By Tom Moorman, Ph.D.
Experienced duck hunters know that weather, especially harsh winter weather, is what drives flocks of waterfowl south in search of food and open water. This November, powerful cold fronts and snowstorms pushed ducks and geese from the northern reaches of the Central, Mississippi, and Atlantic Flyways, creating optimism among waterfowlers in central and southern states for the season ahead. However, nature occasionally throws a curveball to duck hunters, and that certainly has been the case for many of us this season.
The National Oceanic and Atmospheric Association (NOAA) long-term forecast issued in October 2018 predicted a mild winter for much of the eastern half of North America. It appears that forecast has hit the mark. Open water and little snow cover are present across most of the United States. Wetlands and related food resources for waterfowl are available essentially from Nebraska east through Iowa, Illinois, Indiana, Ohio, southern Michigan, Pennsylvania, southern New York, and Massachusetts. As of January 7, the snow and ice line was located at approximately 40 degrees north latitude. Such conditions make it a challenge to pinpoint waterfowl distribution, but it is reasonable to conclude that waterfowl are widely scattered across a very large area in the Central, Mississippi, and Atlantic Flyways.
During much of December, the south-central and southeastern United States have seen frequent low-pressure systems with abundant rainfall and associated river flooding. The wet pattern is in part due to the development of an El Niño event in the Pacific Ocean, which typically brings mild temperatures to the northern United States and Canada and cool, wet weather to the south-central and southeastern states. Many rivers from eastern Texas through the Carolinas are experiencing moderate to major flooding from repeated heavy rain events over the past four to six weeks, compliments of the ongoing El Niño.
What do waterfowl do when winter weather is mild and wet? Generally, mallards and some other species of waterfowl stay as far north as habitat conditions allow. This “strategy” theoretically enables the birds to minimize risk associated with migration and allows them to return to breeding areas as soon as possible in spring. For species like mallards and northern pintails, research suggests that females that return to the breeding grounds and establish nests earlier are more successful at hatching a clutch of eggs. Thus, the birds themselves appear to be “wired” to migrate only when necessary. This year, mild winter weather—and especially a lack of ice and snow cover—is enabling waterfowl to sit tight in more northern latitudes.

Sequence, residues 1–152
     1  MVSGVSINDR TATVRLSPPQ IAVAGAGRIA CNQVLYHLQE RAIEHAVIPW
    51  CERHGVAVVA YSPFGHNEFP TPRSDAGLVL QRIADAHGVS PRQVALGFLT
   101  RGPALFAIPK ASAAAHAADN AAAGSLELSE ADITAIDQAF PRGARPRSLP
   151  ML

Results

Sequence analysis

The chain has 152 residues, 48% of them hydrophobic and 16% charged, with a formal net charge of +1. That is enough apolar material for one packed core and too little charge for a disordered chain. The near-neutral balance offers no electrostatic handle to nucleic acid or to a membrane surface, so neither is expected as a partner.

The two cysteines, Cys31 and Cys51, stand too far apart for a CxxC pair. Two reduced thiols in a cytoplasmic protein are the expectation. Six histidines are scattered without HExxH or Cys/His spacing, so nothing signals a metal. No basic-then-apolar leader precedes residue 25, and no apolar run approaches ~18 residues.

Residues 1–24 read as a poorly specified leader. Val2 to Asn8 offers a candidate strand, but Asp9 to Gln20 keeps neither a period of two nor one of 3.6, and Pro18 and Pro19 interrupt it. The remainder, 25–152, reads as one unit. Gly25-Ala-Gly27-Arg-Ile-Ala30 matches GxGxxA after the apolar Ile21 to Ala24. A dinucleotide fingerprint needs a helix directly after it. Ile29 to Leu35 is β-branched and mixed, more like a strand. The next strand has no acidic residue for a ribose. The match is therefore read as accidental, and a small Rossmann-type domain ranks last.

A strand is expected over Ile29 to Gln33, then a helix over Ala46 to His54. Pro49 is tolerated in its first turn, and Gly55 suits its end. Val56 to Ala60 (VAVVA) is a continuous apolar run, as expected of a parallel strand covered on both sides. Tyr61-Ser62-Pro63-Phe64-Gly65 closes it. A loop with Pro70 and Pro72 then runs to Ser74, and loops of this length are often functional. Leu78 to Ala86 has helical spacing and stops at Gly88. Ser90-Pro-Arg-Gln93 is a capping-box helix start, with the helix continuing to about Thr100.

Even in areas where waterfowl are present, hunter success has been neither consistent nor high in many cases. This likely reflects mild temperatures that do not require birds to move much in search of food and may also reflect widespread habitat availability associated with frequent precipitation. This has led to some challenging and frustrating hunting conditions for many waterfowlers. In most southern and mid-latitude states, roughly three weeks remain in the duck season. It will take a significant change in this winter’s weather pattern, where Arctic cold plunges south and causes waterfowl to migrate in significant numbers, to improve many hunters’ fortunes. Regrettably, the long-term weather forecast appears to call for “more of the same” for much of the remainder of the month.
Waterfowl are highly mobile and well adapted to variable wetland conditions. The past two winters have given us remarkably different winter waterfowl distributions. The mild, wet winter we are currently experiencing is in stark contrast to the relatively severe winter of 2017−2018. This contrast in conditions reminds us that we must conserve key wetland habitats across a very large area of the continent to sustain waterfowl populations at healthy levels. From the prairies, which are traditionally considered the breeding grounds but also provide important stopover habitat for waterfowl in September and October, to the wetlands of the Gulf Coast and Mexico, Ducks Unlimited will continue to conserve crucial habitat to meet the requirements of these birds, regardless of where winter weather drives their migration.
What the Data Tell Us
Some useful and interesting links are provided below for those interested in trying to piece together the puzzle of this year’s waterfowl migration. Included are links to meteorological data, long-term weather forecasts, summaries of state waterfowl surveys, and other relevant migration information.
Snow and Ice Cover in the United States
Great Lakes Ice Cover
River Flooding Map
Dr. Michael Schummer, SUNY-ESF Waterfowl Migration Predictor
Missouri Winter Waterfowl Survey
Mississippi Winter Waterfowl Survey
Louisiana Winter Waterfowl Survey
Arkansas Winter Waterfowl Survey
October 2018 NOAA Long-Term Forecast